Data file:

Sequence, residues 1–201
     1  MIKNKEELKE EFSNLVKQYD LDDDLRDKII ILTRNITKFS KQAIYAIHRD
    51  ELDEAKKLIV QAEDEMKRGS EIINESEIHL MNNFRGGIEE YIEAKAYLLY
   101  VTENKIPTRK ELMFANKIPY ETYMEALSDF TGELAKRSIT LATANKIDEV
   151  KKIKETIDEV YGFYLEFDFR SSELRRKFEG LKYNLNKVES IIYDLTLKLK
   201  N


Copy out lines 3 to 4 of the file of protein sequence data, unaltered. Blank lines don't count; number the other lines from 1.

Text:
    51  ELDEAKKLIV QAEDEMKRGS EIINESEIHL MNNFRGGIEE YIEAKAYLLY
   101  VTENKIPTRK ELMFANKIPY ETYMEALSDF TGELAKRSIT LATANKIDEV